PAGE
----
Life after stoma surgery can be challenging at first, but with proper medical advice and a firm resolve, you can get back to your exercise routine in no time. There are plenty of ways to stay healthy and keep in shape; you just need to find what suits you best.
In this guide, we'll provide an introduction to stoma-safe exercises, including advice and tips on what to do after your surgery.
Before We Start
Every case and patient is different.
Some people might have a faster recovery, while others require extended post-op care. For this reason, you need a medical professional to guide you every step of the way.
Whether you're interested in trying out a new exercise or meal plan, always consult with your doctor first.
After surgery, your GP or stoma nurse will advise you on how to recover faster. They will teach you how to cough correctly to prevent agitating your wound and even show you some regular exercises to strengthen your abdominal muscles.
With your doctor's approval, here are some simple techniques you can include in your post-op routine:
- Lie on your back on a floor or bed with knees above your chest and feet off the floor. Roll your knees slowly from side to side and reach as far as you comfortably can.
- Sit on a chair and place your feet firmly on the ground. Try to pull in your abdominal muscles if you can and breathe slowly. While breathing, slowly stand while keeping your abdomen tight if possible. You can do this routine twice a day with ten repetitions.
- Sit on a chair with your upper body slightly forward and your feet firmly on the ground. Pull in your abdominal muscles and slowly raise one foot about four inches from the floor while breathing out. Lower your foot and do the same with the other.
Lie on your back, carefully tilt your pelvis upward, then go back to the resting position multiple times, as long as you feel comfortable doing so.
Colostomy Bag Exercises
Once you've fully healed, you can now resume your everyday life and focus on staying fit.
Many believe that living with an ostomy leaves you with few options for physical activities. However, this is a complete myth!
Below are just some of the colostomy bag exercises you can try out.
- Always consult a fully trained professional before trying out a new routine
- Consider wearing an Ostomy Support Belt for extra security
- Follow a healthy diet recommended by your doctor
- Avoid physical contact sports like rugby or boxing
- Wear comfortable clothing and shoes
- Learn to pace yourself
Drink water regularly
One of the best exercises you can try even right after surgery is walking.
Remember to start slowly and set manageable goals for yourself.
Once your body is acclimated, you can begin increasing the distance.
Don't push yourself too hard! If you're starting to feel pain, it's your body telling you to take a break.
Once you've healed enough and consulted with your doctor, you can slowly incorporate running into your routine.
If you're already a regular walker, you can switch between running and walking every couple of minutes to build up your stamina.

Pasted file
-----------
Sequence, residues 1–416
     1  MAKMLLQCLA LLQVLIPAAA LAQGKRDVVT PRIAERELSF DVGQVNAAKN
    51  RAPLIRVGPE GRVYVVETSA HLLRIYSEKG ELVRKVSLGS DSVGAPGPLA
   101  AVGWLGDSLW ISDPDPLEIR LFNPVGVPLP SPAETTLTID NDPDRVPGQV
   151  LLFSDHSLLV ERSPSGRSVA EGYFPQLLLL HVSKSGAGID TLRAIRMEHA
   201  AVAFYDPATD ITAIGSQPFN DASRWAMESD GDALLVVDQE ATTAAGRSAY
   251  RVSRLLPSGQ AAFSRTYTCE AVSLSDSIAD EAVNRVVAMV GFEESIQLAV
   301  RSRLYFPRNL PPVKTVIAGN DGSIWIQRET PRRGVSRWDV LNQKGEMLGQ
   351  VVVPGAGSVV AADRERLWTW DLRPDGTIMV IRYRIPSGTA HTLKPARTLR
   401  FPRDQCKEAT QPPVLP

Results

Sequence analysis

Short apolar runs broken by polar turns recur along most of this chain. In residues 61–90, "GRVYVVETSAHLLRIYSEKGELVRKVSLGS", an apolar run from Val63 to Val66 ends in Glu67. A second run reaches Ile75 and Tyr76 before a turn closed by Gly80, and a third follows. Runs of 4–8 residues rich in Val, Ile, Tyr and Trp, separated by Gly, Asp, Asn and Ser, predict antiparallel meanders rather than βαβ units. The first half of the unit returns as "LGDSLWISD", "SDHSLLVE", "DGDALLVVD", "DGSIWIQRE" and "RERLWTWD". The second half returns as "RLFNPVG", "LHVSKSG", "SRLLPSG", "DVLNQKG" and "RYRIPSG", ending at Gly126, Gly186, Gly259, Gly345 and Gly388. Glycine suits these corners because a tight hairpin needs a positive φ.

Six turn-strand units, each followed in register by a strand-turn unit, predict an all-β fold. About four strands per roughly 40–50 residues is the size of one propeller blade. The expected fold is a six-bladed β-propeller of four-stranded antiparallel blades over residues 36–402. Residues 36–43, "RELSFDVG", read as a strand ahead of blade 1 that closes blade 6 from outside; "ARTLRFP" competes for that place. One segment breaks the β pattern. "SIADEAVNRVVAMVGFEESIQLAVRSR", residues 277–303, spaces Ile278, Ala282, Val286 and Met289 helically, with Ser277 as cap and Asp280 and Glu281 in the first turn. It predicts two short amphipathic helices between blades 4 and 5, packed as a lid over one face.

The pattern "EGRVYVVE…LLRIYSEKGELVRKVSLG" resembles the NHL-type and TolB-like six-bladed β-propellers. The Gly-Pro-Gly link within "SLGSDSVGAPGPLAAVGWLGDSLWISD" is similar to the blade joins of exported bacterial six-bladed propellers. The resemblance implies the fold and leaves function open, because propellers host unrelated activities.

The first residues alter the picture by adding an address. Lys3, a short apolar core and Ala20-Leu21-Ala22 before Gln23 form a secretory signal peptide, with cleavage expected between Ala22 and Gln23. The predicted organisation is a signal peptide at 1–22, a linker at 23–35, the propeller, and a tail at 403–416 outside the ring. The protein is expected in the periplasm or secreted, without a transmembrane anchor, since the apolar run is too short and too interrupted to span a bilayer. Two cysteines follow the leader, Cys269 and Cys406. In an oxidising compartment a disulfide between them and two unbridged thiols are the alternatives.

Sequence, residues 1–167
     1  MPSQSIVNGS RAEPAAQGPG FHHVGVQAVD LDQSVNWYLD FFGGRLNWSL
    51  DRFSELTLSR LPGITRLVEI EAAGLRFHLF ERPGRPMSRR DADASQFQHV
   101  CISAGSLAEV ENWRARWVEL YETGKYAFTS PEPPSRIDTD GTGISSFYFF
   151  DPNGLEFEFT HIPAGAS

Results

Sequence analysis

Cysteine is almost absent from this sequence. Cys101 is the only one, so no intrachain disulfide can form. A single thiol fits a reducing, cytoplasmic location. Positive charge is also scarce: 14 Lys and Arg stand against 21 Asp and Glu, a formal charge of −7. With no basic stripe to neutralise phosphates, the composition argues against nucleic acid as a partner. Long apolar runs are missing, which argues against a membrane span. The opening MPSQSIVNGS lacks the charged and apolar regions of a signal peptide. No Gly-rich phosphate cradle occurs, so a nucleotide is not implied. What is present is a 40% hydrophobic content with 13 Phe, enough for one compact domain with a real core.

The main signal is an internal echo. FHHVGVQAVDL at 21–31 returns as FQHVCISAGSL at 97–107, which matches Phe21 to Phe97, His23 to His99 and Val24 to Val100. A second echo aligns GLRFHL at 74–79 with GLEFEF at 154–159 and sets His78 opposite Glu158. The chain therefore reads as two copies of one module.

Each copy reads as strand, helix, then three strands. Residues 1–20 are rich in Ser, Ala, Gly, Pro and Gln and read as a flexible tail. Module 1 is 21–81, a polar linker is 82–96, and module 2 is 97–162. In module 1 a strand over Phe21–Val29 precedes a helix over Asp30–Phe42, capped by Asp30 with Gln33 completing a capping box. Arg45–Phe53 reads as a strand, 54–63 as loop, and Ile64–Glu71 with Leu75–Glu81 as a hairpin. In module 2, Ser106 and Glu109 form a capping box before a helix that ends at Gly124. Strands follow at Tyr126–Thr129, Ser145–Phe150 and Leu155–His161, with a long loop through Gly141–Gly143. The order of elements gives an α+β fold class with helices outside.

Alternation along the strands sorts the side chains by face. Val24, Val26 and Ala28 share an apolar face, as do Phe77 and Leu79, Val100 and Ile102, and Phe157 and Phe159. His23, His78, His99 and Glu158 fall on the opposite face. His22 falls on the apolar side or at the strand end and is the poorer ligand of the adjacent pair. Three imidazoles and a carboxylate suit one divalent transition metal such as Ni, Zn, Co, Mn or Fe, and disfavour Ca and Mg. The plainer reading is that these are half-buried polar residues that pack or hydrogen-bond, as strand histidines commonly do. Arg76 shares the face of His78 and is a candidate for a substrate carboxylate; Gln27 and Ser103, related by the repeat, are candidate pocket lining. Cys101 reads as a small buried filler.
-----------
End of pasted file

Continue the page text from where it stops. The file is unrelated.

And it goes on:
Like any other physical activity, always ease into it until your body adjusts.
Many ostomates are afraid of their pouch leaking or loosening when doing rigorous movements, but you can feel more comfortable with the proper support. As we mentioned above, the design of many products like the ostomy support belt supports the core and keeps your implements in place.
Some ostomates steer clear from swimming and other water-related activities because of their stoma bag, but this is far from necessary. Almost all stoma bags used nowadays are discrete, water-resistant, and leakproof when fitted correctly.
Other available options include urostomy, colostomy, or ileostomy bags with stoma caps if you want something less noticeable.
Consult with your stoma nurse for advice on these products. You can also find many high-quality support belts made from lightweight materials that dry quickly as soon as you're out of the water.
If you want to try out yoga, ask your doctor if your body can handle prolonged physical activity.
Most yoga poses rely on your core strength, so it's a good practice to make sure that your abdominal muscles are strong enough and your wound has fully healed.
Once you're ready, you can begin with yoga styles that are less taxing for the body.
Hatha and Restorative yoga are great examples because they focus on slower movements and deep relaxation. Don't start right off the bat with intense styles like Ashtanga or Bikram yoga.
Pilates has many gentle routines that you can try with a few repetitions.
This activity is excellent for ostomates because it focuses on strengthening your core muscles to help support your spine and balance your body.
With a healthier back and stomach, you have fewer chances of getting an abdominal hernia.
As a general rule, you shouldn't start lifting weights until at least three months after your surgery.
Otherwise, you have a high risk of agitating your wound or getting a hernia.
Always consult with your doctor beforehand and use the lightest weights possible to start.
Sit in an upright position, pull in your abdominal muscles, and slowly raise your arms while holding weights. Take slow, deep breaths during your routine. Don't hold your breath because this exerts pressure on your stomach.
Sticking to Your Routine
Always give your body the time it needs to adjust and heal because everyone recovers at different rates. Becoming an ostomate can be the catalyst for a better lifestyle. Over time, making health-conscious decisions can become second nature to you.
Having a stoma won't prevent you from doing what you love and staying fit, be it with gardening, swimming, or even weightlifting!